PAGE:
Sheltered from the storm

Sheltered from the storm

New Delhi: Bed and breakfast is one segment of the hospitality sector that is not likely to be affected much by either the economic downturn or the threat of terror, says a report prepared for FICCI. Travel journalist and the author of the report, Inder Raj Ahluwalia, says, “Downturns are a part and parcel of life. Downturns can be an epidemic or the airport lockdown in Bangkok. So factoring all that in, I do believe that the smaller units will be able to weather all this."

Hospitality consulting firm HVS forecasts that in 3, 4 and 5 star categories, occupancy rates will dip 5% and average room rates by 10-12% next year.

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/Content/Videos/2008-12-12/Mint TV/1112_Bread & Breakfast_2_MINT_TV.flv3c04e560-c79b-11dd-9cc3-000b5dabf636.flvAhluwalia says large hotels are most impacted by downturns because much of their business comes from bulk bookings through tour operators, often up to a year in advance. When tragedy strikes, like it did in Mumbai, these bookings get canceled resulting in significant lost business, he adds.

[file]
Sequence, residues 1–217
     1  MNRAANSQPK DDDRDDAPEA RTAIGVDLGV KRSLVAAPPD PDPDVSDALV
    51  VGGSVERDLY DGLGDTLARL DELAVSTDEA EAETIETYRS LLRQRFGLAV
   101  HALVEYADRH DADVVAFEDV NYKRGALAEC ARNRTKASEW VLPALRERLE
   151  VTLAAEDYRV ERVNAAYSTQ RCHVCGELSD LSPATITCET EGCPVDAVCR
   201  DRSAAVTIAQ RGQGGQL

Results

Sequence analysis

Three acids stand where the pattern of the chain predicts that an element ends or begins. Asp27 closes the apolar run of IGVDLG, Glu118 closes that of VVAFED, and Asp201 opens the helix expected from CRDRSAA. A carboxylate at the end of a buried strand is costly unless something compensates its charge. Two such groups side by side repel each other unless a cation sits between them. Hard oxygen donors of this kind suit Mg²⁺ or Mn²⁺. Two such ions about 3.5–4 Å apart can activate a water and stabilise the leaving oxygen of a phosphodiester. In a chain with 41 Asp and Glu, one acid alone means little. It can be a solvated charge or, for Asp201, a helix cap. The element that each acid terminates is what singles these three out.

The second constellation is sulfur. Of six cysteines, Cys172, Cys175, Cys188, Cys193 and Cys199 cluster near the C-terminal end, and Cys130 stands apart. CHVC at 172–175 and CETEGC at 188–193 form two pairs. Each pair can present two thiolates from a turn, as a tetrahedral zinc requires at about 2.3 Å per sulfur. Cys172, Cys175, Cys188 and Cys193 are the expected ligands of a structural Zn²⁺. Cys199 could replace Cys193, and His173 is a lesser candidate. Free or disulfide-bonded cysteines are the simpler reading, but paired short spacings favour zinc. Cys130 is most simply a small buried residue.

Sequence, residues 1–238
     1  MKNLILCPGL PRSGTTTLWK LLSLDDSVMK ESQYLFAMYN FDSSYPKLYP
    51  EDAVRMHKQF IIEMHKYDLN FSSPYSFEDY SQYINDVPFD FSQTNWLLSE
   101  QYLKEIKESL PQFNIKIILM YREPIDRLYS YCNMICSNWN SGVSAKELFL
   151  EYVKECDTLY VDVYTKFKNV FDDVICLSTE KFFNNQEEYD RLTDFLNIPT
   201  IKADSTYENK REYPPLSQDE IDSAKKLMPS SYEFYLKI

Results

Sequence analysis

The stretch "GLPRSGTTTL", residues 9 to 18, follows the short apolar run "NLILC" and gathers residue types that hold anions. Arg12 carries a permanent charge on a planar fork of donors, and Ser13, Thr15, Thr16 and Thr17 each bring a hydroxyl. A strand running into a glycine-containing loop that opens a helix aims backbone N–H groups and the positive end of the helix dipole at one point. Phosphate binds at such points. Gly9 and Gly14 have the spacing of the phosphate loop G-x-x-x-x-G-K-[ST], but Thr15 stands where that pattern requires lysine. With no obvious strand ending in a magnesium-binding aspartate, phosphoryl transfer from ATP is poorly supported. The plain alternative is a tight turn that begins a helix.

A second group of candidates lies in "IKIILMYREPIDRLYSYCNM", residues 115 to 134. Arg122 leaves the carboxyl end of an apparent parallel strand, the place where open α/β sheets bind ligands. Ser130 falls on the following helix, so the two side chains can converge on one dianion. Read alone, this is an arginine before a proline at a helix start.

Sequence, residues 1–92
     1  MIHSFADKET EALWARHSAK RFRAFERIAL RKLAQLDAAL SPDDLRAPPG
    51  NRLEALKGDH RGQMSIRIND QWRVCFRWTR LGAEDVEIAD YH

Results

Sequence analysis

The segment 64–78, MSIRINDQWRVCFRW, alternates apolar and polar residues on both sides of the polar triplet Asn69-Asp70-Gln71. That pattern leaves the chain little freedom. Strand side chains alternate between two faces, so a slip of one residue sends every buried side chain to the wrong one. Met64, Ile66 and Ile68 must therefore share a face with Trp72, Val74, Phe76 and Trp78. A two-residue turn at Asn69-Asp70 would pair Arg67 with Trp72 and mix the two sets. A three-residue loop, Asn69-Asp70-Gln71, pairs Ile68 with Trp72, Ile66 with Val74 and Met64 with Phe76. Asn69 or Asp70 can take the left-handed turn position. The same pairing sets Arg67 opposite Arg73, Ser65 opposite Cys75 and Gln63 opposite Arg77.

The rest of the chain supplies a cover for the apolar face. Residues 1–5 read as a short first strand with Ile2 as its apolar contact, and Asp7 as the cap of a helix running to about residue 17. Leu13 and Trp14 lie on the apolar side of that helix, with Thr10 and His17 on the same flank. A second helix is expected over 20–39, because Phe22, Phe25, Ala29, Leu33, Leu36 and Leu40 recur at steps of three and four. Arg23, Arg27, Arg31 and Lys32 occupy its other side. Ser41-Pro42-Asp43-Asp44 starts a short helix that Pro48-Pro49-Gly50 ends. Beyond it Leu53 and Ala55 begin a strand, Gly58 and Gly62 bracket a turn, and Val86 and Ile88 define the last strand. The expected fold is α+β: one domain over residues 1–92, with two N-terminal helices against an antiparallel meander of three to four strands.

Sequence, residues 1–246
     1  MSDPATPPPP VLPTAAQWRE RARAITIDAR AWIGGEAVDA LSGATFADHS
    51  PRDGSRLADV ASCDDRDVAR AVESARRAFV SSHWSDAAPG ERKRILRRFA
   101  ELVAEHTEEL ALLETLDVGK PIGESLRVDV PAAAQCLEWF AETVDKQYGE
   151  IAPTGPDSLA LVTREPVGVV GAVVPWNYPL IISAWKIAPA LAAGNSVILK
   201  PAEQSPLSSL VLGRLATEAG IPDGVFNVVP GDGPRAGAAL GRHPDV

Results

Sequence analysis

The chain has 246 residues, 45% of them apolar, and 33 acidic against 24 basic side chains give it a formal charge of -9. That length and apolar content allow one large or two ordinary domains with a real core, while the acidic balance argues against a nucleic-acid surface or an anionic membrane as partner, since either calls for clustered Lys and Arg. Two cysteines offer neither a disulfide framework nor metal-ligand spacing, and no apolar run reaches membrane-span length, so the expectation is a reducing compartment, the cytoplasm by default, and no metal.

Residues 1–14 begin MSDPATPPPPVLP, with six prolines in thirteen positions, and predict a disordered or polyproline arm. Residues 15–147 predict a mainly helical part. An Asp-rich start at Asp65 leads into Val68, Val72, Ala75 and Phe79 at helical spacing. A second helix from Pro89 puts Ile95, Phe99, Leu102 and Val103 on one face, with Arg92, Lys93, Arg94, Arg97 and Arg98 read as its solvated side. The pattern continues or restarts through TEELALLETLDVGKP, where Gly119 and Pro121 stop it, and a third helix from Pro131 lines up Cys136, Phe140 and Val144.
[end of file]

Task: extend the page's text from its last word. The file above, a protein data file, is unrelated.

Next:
Smaller establishments are less likely to be hurt because people book rooms just a couple of days or weeks in advance. Also, after an event like the terror strikes in Mumbai, people feel more comfortable staying in a home, or in a place less conspicuous or crowded.

The report also gives detailed information on how to set up a bed and breakfast facility anywhere in the country, including what to expect in terms of ROI (return on investments) how to market the property, and things to watch out for.

However, for the hospitality industry, the outlook is not very encouraging. The impact of foreign markets in recession is already visible, with growth in tourist arrivals slowing down to 9.3% in the April to October period this year as compared with the 14% growth seen in the corresponding period last year.